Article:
this is called as development. india wants to be a fully developed country and not an underdeveloped country. it means no agriculture and only commerce and industry.
in such a case where is the infrastructure for farming in the rural locations. no labour, no materials. is it possible to do farming only with money? the so called IT people think that with their money power they can do agriculture. it is a myth. agriculture needs a very big and fragile infrastructure that was built by the earlier kings in the British rule. the independent india has destroyed a very sound agricultural infrastructure which was self sustaining and viable in life.
agriculture will be viable only when that infrastructure is again rebuilt by the king. the problem is the foolish king. yatha raja thatha praja.


#18

What history & my personal opinion has taught me that leaving such projects in hands of government always screws up its usefulness. but im a adaptive designer i have to be optimistic.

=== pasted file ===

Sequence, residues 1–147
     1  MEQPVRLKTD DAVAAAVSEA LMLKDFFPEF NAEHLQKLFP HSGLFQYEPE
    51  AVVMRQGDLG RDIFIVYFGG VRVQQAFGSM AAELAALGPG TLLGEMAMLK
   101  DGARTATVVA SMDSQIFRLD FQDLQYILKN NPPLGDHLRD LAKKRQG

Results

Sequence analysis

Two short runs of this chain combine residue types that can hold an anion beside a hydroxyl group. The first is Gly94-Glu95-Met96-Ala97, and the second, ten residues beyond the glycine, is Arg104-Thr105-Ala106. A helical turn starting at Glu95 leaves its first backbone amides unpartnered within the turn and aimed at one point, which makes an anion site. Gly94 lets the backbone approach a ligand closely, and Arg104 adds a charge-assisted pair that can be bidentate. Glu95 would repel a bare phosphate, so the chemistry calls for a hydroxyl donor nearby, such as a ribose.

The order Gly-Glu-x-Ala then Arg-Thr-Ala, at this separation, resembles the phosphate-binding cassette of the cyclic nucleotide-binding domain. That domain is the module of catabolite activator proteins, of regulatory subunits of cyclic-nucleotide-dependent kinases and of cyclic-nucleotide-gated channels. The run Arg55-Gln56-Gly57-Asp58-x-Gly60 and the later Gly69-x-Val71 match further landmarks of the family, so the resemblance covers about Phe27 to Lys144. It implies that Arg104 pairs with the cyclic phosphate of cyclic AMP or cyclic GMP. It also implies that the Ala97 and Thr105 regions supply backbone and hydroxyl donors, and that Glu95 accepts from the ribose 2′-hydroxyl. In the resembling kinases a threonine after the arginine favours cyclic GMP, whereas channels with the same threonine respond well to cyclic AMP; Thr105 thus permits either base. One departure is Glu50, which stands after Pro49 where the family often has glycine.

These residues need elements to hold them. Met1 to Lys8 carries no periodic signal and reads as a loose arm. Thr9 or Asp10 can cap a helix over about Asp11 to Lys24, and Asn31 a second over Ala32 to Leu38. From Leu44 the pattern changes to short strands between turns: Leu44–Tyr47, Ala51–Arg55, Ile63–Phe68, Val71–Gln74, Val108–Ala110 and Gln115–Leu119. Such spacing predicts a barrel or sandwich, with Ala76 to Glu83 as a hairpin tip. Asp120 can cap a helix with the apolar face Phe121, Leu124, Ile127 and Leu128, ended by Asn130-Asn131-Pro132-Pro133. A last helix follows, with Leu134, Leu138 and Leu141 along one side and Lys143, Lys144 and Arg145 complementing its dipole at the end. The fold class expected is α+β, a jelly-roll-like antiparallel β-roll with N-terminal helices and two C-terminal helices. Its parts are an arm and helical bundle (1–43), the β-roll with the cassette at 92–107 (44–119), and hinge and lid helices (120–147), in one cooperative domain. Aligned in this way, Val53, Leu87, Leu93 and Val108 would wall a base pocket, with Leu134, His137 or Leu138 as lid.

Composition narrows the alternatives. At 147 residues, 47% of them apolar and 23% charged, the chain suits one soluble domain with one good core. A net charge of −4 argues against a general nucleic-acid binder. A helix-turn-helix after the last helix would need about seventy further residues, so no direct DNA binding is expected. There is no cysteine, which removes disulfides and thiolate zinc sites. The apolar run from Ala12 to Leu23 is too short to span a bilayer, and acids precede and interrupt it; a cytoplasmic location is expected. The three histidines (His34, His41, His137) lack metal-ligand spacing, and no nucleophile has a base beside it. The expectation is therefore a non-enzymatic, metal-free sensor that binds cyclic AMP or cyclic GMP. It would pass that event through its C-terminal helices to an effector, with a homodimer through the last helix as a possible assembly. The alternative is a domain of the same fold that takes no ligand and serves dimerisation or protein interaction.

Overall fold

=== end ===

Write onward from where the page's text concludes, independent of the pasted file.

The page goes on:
#19

Bharat -

Have you had much success with Greenhouse cultivation, esply with implementing Hydroponics? We are considering Hydroponics as our next (and natural) step forward once we are ready to move from in-ground cultivation to mass production in soil-less conditions.

The overwhelming constraint so far seems to be the prohibitive costs structures for the required infrastructure. Are you aware of or working with any financiers (banks, investors, private / public orgs) who are interested in working with entrepreneurs?

Best regards,
Nakul Johri
Savera Farms